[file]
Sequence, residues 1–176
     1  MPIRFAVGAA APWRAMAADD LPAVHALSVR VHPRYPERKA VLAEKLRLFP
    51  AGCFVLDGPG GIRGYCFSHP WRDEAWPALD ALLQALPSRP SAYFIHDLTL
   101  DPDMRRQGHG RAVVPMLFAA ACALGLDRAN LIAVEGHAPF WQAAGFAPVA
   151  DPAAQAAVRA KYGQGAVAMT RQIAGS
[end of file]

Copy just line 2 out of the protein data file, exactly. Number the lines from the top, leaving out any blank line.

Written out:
     1  MPIRFAVGAA APWRAMAADD LPAVHALSVR VHPRYPERKA VLAEKLRLFP